Jake Lehmann’s dad Darren is the reason he won’t be selected

David Lord Columnist

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    In a perfect world, the very talented Jake Lehmann will be presented with his first baggy green at the Gabba for the first Ashes Test against England.

    But it’s an imperfect world, so through no fault of his own the 25-year-old is on a hiding to nothing, to make the 12-man squad.

    All because he’s the son of Australian head coach Darren Lehmann,

    If he’s selected nepotism will be the call from the cynics, even though Darren leaves the selection room when his son’s future is discussed.

    If he misses out, the other group of cynics will accuse the selectors of avoiding perceptions of favouritism.

    Either way Jake Lehmann is the pawn, and he doesn’t deserve that.

    In 29 Sheffield Shield games for South Australia he’s cracked six tons and nine half-centuries for a career average of 44, the best of all contenders for the number six batting spot.

    He debuted against the Vics at Adelaide in March 2015 with 54 off 105 with seven fours, with 39 in the second dig off 102 with six fours in an innings loss.

    In only his third game in 2015, Lehmann posted his career best 205 in Hobart, and in his last game 103 and 93 against the Vics at the MCG with South Australia is trouble in both digs.

    At 3-18 in the first, Lehmann and skipper Travis Head combined for a 164-run fourth wicket stand, and in the second at 3-59 Lehmann and Callum Ferguson parted company after a 212-run fourth wicket stand.

    By any standards, Jake Lehmann has done more than enough to deserve selection for the Gabba.

    Again through no fault of his own, he can’t escape the fact he’s the coach’s son.

    Jake Lehmann scores a century

    (AAP Image/George Salpigtidis)

    His 11 squad mates will never discuss any of Darren Lehmann’s decisions as either a coach or a national selector in front of him, and Darren will have to be guarded in what he says to his son about the other members of the squad.

    The cop out would be for one of them to miss out, but both deserve to be there.

    And there’s no magic wand to be waved to solve the problem.

    It’s to be hoped all parties are sensible enough to bury any negatives, and simply look at all the positives.

    And there are plenty of those.

    Jake’s inclusion would give the Australian XI six left-handed batsmen, with four in the top six – openers David Warner and Matt Renshaw, plus first drop Usman Khawaja and Lehmann.

    Pacemen Mitchell Starc and Josh Hazlewood round out the half dozen lefties.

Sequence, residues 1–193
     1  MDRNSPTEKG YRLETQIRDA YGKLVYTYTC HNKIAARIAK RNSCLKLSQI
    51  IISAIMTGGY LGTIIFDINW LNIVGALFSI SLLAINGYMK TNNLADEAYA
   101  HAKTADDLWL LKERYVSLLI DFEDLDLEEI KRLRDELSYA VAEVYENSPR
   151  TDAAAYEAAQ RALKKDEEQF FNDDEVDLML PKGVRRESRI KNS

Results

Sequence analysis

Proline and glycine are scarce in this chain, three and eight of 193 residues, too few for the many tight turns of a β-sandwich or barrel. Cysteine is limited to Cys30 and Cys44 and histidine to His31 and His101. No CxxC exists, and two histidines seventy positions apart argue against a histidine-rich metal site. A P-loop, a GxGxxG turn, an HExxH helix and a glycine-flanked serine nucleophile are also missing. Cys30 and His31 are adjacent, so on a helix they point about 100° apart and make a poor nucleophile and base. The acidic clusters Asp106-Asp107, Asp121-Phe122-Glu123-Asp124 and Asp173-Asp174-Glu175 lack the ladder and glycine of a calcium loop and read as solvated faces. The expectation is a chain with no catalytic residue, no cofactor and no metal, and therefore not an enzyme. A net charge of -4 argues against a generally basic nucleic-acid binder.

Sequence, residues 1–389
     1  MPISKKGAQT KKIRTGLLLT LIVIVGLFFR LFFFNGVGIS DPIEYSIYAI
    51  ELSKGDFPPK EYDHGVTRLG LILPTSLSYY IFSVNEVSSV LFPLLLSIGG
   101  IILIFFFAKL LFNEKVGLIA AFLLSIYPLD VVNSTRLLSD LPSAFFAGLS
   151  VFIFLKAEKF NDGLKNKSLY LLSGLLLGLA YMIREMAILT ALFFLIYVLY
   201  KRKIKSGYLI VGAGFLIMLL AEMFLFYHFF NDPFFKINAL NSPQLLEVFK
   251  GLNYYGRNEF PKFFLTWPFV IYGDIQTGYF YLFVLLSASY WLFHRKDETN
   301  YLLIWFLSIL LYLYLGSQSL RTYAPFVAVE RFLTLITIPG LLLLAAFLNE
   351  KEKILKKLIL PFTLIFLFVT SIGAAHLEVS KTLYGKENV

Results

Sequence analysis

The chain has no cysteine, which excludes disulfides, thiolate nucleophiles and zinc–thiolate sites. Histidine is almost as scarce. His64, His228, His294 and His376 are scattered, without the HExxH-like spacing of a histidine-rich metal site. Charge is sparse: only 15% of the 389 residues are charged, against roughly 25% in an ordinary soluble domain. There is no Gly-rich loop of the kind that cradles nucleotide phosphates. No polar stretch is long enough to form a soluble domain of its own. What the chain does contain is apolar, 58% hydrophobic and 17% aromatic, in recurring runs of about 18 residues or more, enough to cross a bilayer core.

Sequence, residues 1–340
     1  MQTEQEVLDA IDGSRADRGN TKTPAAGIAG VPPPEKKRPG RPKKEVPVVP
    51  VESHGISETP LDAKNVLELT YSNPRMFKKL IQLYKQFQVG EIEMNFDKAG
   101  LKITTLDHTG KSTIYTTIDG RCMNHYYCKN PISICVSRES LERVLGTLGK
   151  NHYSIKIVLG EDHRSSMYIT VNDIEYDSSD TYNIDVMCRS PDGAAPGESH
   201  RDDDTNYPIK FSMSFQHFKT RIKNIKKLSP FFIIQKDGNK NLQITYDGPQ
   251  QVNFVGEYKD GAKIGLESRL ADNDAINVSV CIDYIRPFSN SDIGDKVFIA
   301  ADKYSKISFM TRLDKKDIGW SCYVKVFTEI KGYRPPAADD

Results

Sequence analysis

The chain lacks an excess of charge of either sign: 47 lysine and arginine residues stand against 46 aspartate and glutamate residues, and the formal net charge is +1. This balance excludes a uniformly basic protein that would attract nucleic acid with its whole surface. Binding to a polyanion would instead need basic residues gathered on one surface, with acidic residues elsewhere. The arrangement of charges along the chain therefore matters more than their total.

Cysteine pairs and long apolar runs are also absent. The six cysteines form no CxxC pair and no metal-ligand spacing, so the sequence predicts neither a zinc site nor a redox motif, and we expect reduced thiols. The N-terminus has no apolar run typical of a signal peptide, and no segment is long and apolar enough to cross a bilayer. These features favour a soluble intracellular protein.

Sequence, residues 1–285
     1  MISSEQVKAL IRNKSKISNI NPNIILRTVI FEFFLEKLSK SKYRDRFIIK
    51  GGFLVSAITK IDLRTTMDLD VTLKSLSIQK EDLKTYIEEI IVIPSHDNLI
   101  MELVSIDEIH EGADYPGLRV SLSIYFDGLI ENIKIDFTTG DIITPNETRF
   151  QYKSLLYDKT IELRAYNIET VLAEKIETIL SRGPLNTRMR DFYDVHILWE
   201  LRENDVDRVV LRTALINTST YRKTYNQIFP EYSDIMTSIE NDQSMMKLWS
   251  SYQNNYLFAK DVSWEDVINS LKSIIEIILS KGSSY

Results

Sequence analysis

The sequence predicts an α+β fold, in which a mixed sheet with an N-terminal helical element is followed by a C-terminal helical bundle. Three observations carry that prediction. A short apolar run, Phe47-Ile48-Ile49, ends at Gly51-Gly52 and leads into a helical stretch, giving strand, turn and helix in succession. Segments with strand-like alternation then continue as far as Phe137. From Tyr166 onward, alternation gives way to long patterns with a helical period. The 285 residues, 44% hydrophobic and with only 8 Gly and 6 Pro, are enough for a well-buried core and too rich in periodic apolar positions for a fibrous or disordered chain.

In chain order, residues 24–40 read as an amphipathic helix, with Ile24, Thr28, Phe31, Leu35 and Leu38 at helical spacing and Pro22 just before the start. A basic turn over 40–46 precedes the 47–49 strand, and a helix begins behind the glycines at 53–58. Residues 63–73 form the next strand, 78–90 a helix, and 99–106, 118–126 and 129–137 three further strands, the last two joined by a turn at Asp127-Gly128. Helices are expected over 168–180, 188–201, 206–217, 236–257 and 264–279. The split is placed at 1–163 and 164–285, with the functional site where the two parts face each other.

That’s a big advantage for the Australians who perform far better on home tracks than they do overseas, with the one exception being skipper Steve Smith.

    His career average is 59.66 with 68.65 at home, and 53.95 overseas – mighty impressive across the board.

    But the rest of the top five have stark differences.

    Warner’s career average is 47.94, with 59.21 at home, and 38.25 overseas.

    His opening partner Renshaw’s career average is 36.64 with 63.00 at home, and just 25.67 overseas.

    Khawaja’s career average is 45.47 made up of 63.73 at home, and just 27.21 overseas.

    But the widest margin belongs to Peter Handscomb with a career average of 53.07 including a Bradmanesque 99.75 at home, and 34.40 overseas.

    But what about the Ashes chances?

    The Australian attack is in fine form, especially Starc with his record-setting hat-trick in each innings against at Hurstville last week.

    Pat Cummins and Hazlewood will share the pace duties, with Starc leaving offie Nathan Lyon to complete a four-man attack.

    The only spot left is the keeper which should see Peter Nevill recalled as the most reliable gloveman in the country, the most vital criteria of all.

    Let’s get rid of the ‘keeper must bat’ selection folly, it’s highly unlikely another Adam Gilchrist will surface in the foreseeable future – and there are certainly none available now.

    So the only spot up for grabs is number six in the batting line-up.

    For mine, despite the side issues, Jake Lehmann is the most deserving.

    David Lord
    David Lord

    David Lord was deeply involved in two of the biggest sporting stories - World Series Cricket in 1977 and professional rugby in 1983. After managing Jeff Thomson and Viv Richards during WSC, in 1983 David signed 208 of the best rugby players from Australia, New Zealand, Fiji, England, Ireland, Scotland, Wales and France to play an international pro circuit. The concept didn’t get off the ground, but it did force the IRB to get cracking and bring in the World Rugby Cup, now one of the world’s great sporting spectacles